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In scathing letter, state watchdog criticizes management of Chelsea veterans’ home

In a sharply critical letter Tuesday, the state’s top watchdog lambasted the management of a troubled veterans’ home in Chelsea and accused the Baker administration of failing to intervene despite knowing of the home’s problems.

Citing records provided by the state’s Executive Office of Health and Human Services, the letter described veterans being found “soaked in urine and sitting in feces” and a toxic work environment in which at least one worker had a “reasonable” belief that managers had “targeted [him] for retaliation.”

Jeffrey S. Shapiro, the state’s inspector general, addressed the letter to Marylou Sudders, the outgoing health and human services secretary, and accused her personally of mishandling the home. “[D]espite your knowledge of the significant ongoing issues at the home, your administration has not yet implemented changes to protect the veterans,” Shapiro wrote.


Sudders and department spokespeople did not respond to a request for comment Wednesday.

A spokesperson for Governor Charlie Baker did not immediately respond to a request for comment.

The letter, which also sharply criticizes the home’s superintendent, Eric Johnson, follows months of turmoil at the facility.

In June, the state placed Johnson on paid administrative leave pending the outcome of multiple investigations into his leadership, according to a letter signed by unionized workers at the home. Weeks later, the home’s chief operating officer was also placed on leave pending an investigation, according to a WCVB report.

In September, the Department of Veterans Services said Johnson would return to his leadership role at the home the following month, which angered the union.

“We vehemently oppose his return to this campus,” union members wrote in a letter of no confidence in Johnson addressed to Sudders and the state’s secretary of veterans’ services, Cheryl Lussier Poppe. The union letter added that members had experienced or witnessed instances of bullying, sexual harassment, and intimidation by Johnson.


A spokesperson for the Department of Veterans’ Services declined to comment or make Poppe or Johnson available for interviews.

The letter written by Shapiro, the inspector general, was based on a review of records, including materials from investigations conducted by the Office of Health and Human Services and the Department of Veterans’ Services as well as documents related to “dozens of complaints” sent to the state about the Chelsea Soldiers’ Home and its management.

One of those records was an August 2022 report written by “a senior member of [Sudders’] leadership team,” which said that at least a dozen rooms at the home were in “terrible” condition and contained feces, dead rodents, dirt, and bugs, according to the letter.

“These conditions point to a catastrophic failure of the Home’s leadership,” the letter said.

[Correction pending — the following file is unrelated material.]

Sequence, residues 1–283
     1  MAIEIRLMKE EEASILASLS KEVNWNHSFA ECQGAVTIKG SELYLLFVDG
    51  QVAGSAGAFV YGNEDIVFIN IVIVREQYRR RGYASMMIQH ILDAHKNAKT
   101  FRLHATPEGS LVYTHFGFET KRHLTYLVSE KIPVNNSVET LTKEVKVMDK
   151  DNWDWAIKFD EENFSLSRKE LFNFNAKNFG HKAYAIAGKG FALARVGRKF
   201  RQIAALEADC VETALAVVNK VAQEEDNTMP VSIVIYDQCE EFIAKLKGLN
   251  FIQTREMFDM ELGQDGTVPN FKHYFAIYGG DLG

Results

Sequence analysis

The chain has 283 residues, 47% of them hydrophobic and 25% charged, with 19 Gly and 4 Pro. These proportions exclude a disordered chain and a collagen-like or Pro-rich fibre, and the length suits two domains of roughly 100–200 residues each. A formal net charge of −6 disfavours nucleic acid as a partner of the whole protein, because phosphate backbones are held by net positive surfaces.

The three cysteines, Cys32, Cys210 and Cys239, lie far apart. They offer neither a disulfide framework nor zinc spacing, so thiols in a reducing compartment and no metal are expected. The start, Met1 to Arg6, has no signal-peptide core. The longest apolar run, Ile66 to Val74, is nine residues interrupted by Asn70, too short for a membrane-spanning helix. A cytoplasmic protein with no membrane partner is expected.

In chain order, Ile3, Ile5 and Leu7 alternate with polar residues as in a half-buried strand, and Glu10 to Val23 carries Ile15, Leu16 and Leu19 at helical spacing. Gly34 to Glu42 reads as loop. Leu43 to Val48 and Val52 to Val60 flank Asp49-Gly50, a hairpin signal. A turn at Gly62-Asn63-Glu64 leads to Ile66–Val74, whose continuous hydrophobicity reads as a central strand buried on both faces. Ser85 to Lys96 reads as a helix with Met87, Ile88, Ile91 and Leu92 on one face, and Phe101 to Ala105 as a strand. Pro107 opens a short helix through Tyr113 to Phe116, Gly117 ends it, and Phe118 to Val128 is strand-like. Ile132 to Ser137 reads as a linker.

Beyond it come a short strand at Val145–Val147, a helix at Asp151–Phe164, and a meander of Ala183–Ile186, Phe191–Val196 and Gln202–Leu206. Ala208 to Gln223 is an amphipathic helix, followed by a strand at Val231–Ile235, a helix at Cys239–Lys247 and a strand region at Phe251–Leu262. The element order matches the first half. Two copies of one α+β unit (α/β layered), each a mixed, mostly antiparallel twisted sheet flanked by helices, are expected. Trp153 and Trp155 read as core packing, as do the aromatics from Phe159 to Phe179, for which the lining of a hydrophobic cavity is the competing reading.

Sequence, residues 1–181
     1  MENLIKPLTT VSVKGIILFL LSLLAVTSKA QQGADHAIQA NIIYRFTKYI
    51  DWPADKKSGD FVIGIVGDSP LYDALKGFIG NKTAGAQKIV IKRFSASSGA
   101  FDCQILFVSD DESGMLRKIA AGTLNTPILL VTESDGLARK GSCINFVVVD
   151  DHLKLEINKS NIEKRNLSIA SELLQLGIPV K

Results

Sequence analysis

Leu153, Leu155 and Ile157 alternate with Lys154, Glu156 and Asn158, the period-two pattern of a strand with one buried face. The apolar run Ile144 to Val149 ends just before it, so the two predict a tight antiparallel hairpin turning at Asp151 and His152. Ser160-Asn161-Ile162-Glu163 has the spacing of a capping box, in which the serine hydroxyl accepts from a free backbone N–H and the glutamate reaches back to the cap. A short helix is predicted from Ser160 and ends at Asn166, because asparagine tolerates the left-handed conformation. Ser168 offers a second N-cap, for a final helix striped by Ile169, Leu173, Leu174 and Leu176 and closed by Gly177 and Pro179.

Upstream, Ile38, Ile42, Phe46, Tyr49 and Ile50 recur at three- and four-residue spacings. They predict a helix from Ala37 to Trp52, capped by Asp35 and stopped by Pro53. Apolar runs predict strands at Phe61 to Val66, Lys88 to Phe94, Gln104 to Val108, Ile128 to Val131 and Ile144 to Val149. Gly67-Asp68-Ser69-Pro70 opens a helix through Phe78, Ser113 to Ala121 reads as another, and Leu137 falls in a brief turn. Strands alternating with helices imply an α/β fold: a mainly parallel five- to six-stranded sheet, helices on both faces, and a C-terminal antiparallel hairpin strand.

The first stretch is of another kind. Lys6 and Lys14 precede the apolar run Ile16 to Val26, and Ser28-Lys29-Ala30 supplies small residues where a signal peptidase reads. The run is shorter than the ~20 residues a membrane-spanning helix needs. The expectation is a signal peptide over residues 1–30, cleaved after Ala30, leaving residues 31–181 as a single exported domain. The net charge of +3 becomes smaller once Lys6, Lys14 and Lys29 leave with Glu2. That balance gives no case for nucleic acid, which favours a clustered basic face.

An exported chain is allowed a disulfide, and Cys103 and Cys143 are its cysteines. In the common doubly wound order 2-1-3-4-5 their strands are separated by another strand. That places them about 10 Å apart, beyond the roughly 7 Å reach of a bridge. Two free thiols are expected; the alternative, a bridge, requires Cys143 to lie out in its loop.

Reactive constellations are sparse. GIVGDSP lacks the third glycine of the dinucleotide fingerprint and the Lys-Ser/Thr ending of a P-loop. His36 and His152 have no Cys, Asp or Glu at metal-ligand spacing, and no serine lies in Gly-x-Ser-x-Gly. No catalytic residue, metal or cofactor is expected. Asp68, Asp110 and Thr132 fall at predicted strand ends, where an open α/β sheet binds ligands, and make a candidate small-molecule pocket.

The records also described a toxic work environment, according to the letter. An investigative report, also from August, found that one employee had a “reasonable” fear that he was “being targeted for retaliation,” according to the letter.

Separately, the senior member of Sudders’ staff wrote that Johnson imposed “inappropriate discipline” on his staff and was not “forthright in his account of events and issues,” according to the letter.

The senior staff member concluded that Johnson “lacks candor, professionalism, judgment and does not seem to possess leadership skills,” according to the letter.

The home has also experienced at least two large COVID outbreaks. An outbreak last April infected 14 veterans. Early in the pandemic, before Johnson was superintendent, at least 31 residents died of COVID.


Shapiro wrote that the issues reported in Chelsea echoed those of the state’s other soldiers’ home, in Holyoke. There, 76 veterans died of COVID in the spring of 2020, prompting investigations into the home’s leadership. A Globe Spotlight investigation last year documented the ways that the politically connected superintendent of that home remained in his position despite numerous warning signs.

In September of 2020, then-Attorney General Maura Healey secured indictments against the former superintendent of the Holyoke home, Bennett Walsh, and the home’s former medical director, Dr. David Clinton. They were each charged with elder neglect and permitting bodily injury involving five veterans. But a lower court judge later tossed out the charges. On Wednesday, state lawyers asked Massachusetts’ highest court to restore the charges.

Sudders has faced criticism for not acting faster to remove Walsh from his position of leadership in Holyoke.

Shapiro also suggested in an interview Wednesday that Sudders’ office had dragged its feet before producing the investigative records about the Chelsea home. HHS took more than two months to provide the records after receiving the inspector general’s request in mid-October. “I would suggest that is a long time,” Shapiro said.

He added that one reason he sent the letter was to ensure that officials in the outgoing Baker administration notify their counterparts in the incoming Maura Healey administration of the issues at the Chelsea home.


“During this time of transition,” Shapiro’s letter to Sudders said, “you must provide a complete, transparent briefing to your successor.”

The information needs to be relayed to new leaders, Shapiro said, “so that they understand that on day 1 there are important actions that need to be taken.”

Mike Damiano can be reached at